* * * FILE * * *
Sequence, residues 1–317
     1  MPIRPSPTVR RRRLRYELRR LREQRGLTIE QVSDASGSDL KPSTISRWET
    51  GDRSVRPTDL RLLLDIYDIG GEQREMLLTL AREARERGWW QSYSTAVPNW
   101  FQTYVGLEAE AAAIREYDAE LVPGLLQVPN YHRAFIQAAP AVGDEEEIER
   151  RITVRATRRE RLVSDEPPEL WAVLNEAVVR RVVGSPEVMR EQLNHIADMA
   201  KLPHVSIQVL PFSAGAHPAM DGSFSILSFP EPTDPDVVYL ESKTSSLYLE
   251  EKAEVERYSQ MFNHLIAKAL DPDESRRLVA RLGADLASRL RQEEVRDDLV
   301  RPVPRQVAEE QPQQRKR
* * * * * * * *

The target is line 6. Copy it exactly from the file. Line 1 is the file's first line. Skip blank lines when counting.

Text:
   201  KLPHVSIQVL PFSAGAHPAM DGSFSILSFP EPTDPDVVYL ESKTSSLYLE